Imaging of the Human Brain in Health and Disease

Imaging of the Human Brain in Health and Disease

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Brain imaging technology remains at the forefront of advances in both our understanding of the brain and our ability to diagnose and treat brain disease and disorders. Imaging of the Human Brain in Health and Disease examines the localization of neurotransmitter receptors in the nervous system of normal, healthy humans and compares that with humans who are suffering from various neurologic diseases.

Opening chapters introduce the basic science of imaging neurotransmitters, including sigma, acetylcholine, opioid, and dopamine receptors. Imaging the healthy and diseased brain includes brain imaging of anger, pain, autism, the release of dopamine, the impact of cannabinoids, and Alzheimer's disease.

This book is a valuable companion to a wide range of scholars, students, and researchers in neuroscience, clinical neurology, and psychiatry, and provides a detailed introduction to the application of advanced imaging to the treatment of brain disorders and disease.
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Product details

  • Hardback | 532 pages
  • 190.5 x 236.22 x 30.48mm | 1,270.05g
  • Academic Press Inc
  • San Diego, United States
  • English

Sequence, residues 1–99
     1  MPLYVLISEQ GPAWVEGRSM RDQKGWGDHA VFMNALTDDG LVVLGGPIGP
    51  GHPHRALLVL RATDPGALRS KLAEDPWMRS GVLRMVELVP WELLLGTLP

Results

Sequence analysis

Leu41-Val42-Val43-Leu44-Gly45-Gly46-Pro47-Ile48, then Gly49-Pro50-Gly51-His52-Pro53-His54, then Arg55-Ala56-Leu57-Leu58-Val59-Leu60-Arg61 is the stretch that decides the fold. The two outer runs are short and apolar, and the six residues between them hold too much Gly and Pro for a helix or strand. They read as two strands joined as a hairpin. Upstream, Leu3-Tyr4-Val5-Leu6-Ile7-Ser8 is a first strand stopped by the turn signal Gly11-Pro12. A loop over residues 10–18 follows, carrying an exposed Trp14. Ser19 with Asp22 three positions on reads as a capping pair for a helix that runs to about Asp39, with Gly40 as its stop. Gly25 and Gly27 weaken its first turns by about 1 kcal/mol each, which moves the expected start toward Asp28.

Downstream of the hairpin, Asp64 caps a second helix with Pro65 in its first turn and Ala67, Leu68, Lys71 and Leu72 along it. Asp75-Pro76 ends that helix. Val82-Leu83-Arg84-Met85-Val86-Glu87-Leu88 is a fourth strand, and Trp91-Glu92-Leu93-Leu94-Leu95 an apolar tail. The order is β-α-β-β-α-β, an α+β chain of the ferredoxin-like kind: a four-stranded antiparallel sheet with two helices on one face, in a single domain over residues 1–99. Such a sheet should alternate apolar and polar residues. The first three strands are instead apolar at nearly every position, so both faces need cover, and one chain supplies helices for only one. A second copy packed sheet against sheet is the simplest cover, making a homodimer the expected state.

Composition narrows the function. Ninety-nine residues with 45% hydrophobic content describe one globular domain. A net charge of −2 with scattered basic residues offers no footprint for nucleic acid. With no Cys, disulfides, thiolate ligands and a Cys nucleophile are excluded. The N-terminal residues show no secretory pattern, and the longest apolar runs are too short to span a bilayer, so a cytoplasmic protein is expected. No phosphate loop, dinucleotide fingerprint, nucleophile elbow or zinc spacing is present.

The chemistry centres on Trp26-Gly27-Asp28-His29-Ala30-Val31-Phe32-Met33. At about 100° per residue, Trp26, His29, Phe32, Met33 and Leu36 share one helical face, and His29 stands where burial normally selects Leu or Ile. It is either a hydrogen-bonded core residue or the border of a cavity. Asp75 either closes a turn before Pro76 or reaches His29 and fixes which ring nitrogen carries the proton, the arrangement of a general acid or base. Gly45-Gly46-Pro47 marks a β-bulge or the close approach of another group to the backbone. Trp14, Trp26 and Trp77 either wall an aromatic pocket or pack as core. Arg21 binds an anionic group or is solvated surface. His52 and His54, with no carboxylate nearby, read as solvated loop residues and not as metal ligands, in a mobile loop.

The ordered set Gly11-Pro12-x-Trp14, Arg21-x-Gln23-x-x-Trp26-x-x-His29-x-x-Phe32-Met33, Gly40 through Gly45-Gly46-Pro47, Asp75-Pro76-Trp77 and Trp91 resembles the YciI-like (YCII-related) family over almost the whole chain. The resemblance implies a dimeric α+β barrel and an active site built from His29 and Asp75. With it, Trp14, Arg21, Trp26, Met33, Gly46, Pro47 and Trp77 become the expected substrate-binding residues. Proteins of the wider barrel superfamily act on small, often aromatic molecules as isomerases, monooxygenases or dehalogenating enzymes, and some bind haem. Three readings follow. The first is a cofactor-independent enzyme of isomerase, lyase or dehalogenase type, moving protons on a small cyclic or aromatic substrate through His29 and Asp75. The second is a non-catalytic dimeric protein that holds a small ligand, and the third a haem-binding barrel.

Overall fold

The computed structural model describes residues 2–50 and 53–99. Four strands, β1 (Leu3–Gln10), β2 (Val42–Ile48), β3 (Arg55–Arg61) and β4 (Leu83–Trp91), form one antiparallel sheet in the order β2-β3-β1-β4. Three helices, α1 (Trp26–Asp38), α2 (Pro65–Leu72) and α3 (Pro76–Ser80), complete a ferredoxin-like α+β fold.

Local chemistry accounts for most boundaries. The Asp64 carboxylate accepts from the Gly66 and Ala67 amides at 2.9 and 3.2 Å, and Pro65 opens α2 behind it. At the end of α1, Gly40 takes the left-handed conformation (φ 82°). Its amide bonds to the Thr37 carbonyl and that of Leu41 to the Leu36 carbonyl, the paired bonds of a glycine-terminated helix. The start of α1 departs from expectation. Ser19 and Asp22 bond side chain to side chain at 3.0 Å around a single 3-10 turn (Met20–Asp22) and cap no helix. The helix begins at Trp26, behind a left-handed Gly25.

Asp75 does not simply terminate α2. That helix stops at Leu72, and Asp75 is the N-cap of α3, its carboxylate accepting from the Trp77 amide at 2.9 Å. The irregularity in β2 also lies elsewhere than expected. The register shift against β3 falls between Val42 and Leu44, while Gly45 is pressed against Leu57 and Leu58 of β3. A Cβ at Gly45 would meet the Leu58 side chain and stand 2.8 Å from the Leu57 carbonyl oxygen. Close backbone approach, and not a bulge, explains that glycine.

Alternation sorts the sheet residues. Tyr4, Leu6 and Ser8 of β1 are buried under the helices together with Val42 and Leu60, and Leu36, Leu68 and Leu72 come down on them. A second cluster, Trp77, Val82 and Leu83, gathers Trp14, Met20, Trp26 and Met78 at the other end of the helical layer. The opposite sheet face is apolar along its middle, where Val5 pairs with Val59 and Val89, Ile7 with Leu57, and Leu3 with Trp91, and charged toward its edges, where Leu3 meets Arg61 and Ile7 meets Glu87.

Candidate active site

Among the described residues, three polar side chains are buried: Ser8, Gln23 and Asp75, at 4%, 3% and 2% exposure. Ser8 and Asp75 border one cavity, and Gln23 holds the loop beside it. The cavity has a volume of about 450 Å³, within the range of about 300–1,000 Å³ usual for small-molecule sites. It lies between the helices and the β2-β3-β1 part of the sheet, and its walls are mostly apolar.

• colour illustrations, black & white tables, figures
  • 0124186777
  • 9780124186774

Table of contents

Chapter 1: Neuroimaging of Addiction - N. Volkow

Chapter 2: Brain PET Imaging in the Cannabinoid System - Wong et al.

Chapter 3: Brain Imaging of Cannabinoid Receptors - Casteels et al.

Chapter 4: Human Brain Imaging of Opioid Receptors: Application to CNS Biomarker and Drug Development - Udi E. Ghitza

Chapter 5: Brain Imaging of Sigma Receptors - Sakata et al.

Chapter 6: Human Brain Imaging of Acetylcholine Receptors - Toyohara et al.

Chapter 7: Human Brain Imaging of Adenosine Receptors - Mishina et al.

Chapter 8: Human Brain Imaging of Dopamine D1 Receptors - Fujiwara et al.

Chapter 9: Human Brain Imaging of Dopamine Transporters - Varrone et al.

Chapter 10: Imaging of Dopamine and Serotonin Receptors and Transporters - Felicio et al.

Chapter 11: Imaging the Dopamine D3 Receptor In Vivo - Slifstein et al.